Understanding compartment syndrome by type
Compartment syndrome should be considered early to prevent dire consequences for the patient.
Compartment syndrome is usually spoken about in conjunction with crush injuries but it’s important to understand the many layers of compartment syndrome.
What is compartment syndrome?
Compartment syndrome is a rare condition that occurs when excessive tissue pressure builds up and exceeds a closed muscle compartment. The pressure decreases blood flow to muscle and nerves causing ischemia and can result in damage to both types of cells.
There are primary distinctions in types of compartment syndrome, acute and chronic, or exertional. Most often this syndrome is seen in legs and arms.
Within the legs, there are four compartments between the knee and ankle-anterior, lateral, superficial posterior, deep posterior. Compartment syndrome is frequently seen in the anterior compartment. It rarely occurs in the posterior compartment.There are also instances compartment syndrome is seen in the abdomen.
Acute Compartment Syndrome
Acute compartment syndrome is usually the result of an accident such as a broken arm or leg. Other causes of acute compartment syndrome may include:
- Crush injuries
- Extremely vigorous exercise
- Blood vessel surgery
- Constricting bandages
- Prolonged compression of a limb
- A blood clot in the arm or leg
- Some burns
- The use of anabolic steroids
Acute compartment syndrome may also be caused if an individual suffers an injury in surrounding soft tissue and the responding paramedic or EMT does not use to correct splinting process. The additional strain that is put in these areas can further the injury.
Acute compartment syndrome symptoms
- Deep leg or arm pain
- Greater pain than would be expected from the injury itself
- Visible bulging of the muscle
- Tingling or burning sensation
- Swelling and difficulty moving
- Numbness or paralysis (this is a late sign and usually indicates permanent injury)
The only effective treatment is surgery on the fascia (fasciotomy). If the swelling is too severe, the incision may have to stay open until it subsides.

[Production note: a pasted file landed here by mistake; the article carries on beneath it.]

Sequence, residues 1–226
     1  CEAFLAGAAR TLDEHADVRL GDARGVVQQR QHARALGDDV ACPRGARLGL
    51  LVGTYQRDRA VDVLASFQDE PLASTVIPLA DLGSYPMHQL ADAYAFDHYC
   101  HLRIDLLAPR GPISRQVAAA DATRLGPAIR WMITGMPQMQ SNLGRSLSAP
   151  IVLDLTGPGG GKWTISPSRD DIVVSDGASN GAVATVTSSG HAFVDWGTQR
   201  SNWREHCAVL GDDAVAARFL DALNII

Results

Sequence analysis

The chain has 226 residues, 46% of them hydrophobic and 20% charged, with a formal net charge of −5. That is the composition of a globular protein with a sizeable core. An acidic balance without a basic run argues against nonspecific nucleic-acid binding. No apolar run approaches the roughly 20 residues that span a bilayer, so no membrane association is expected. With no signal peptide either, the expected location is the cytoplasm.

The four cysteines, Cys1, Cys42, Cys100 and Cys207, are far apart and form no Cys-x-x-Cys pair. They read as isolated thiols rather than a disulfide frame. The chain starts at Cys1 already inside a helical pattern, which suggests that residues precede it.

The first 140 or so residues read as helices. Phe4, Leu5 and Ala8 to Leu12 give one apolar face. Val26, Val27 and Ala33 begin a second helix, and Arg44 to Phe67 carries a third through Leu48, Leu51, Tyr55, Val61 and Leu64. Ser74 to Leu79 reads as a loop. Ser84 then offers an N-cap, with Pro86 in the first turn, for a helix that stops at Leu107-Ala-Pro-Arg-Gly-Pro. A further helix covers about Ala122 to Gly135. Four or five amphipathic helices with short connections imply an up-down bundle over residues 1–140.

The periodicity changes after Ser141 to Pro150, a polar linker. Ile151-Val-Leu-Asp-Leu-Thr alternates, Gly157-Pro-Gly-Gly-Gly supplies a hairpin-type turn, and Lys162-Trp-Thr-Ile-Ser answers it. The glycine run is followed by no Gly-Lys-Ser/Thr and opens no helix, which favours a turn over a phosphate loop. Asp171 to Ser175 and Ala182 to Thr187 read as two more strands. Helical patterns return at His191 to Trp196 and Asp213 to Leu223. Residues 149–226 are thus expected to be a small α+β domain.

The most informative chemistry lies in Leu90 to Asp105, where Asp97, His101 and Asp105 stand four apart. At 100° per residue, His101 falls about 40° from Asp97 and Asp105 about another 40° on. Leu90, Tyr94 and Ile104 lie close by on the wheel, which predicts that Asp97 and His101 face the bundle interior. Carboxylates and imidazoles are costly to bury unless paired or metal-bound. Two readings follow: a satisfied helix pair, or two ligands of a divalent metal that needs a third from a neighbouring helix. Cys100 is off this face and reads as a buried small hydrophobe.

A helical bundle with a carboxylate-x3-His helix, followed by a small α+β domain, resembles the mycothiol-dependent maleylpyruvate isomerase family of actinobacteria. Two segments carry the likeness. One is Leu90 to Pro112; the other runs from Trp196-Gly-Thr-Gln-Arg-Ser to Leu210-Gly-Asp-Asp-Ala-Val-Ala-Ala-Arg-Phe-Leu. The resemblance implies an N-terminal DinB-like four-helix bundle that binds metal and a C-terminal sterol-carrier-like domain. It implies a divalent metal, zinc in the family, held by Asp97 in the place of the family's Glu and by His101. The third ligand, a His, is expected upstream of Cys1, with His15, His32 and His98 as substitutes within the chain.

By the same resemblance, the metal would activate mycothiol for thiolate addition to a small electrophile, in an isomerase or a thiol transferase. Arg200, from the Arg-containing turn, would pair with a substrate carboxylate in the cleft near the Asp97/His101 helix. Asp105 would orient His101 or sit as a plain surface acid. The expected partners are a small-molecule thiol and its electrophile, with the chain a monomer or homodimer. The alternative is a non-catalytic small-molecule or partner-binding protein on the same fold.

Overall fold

Chronic (Exertional) Compartment Syndrome
Chronic compartment syndrome is also known as exertional compartment syndrome and is typically caused by athletic exertion, specifically activities with repetitive motions like running or biking.
Chronic (Exertional) Compartment Syndrome symptoms
- Aching, tightness and cramping of the limb
- Numbness or tingling
- Swelling or bulging of the muscle
- Difficulty moving
Chronic compartment syndrome is not considered an emergency but, a physician should be seen as soon as possible. Treatment for this type of compartment syndrome is usually discontinuing the activity but physical therapy may be prescribed.
Abdominal Compartment Syndrome
Abdominal compartment syndrome is typically found in critically ill patients. It is typically associated with respiratory dysfunction but can be attributed to any organ dysfunction that increases pressure in the abdominal compartment.
This diagnosis can be confirmed by measuring the pressure within the compartment.
Abdominal Compartment Syndrome symptoms
- Distended or tense abdomen
- Pair or wincing when abdomen is touched
- Low or no urine output
- Low blood pressure
The first step to treatment is attempting to relieve some of the pressure and removing any dressings near the affected area.
Mechanical ventilation can assist with further reducing the pressure. However, in most abdominal compartment syndrome cases, fasciotomy surgery is necessary.
Rhabdomyolysis is a syndrome that can stem from compartment syndrome. It is a very serious complication that can be life-threatening. With rhabdomyolysis, the trauma involves leakage of myoglobin into the blood plasma. An excess of myoglobin can result in renal tubular obstruction, nephrotoxicity, intrarenal vasoconstriction and acute kidney injury.
The symptoms of rhabdomyolysis can vary depending upon the cause of the condition. With the presence of compartment syndrome, some of the following symptoms may be observed.
- Muscle pain
- Muscle weakness
- Dark red or brown urine
- Low or no urine output
- Fever, nausea or vomiting
Treatment of rhabdomyolysis must be obtained quickly to prevent acute renal failure. It is also crucial to take measures to correct electrolyte, acid-base and metabolic levels and focus on fluid resuscitation. Dialysis may be necessary.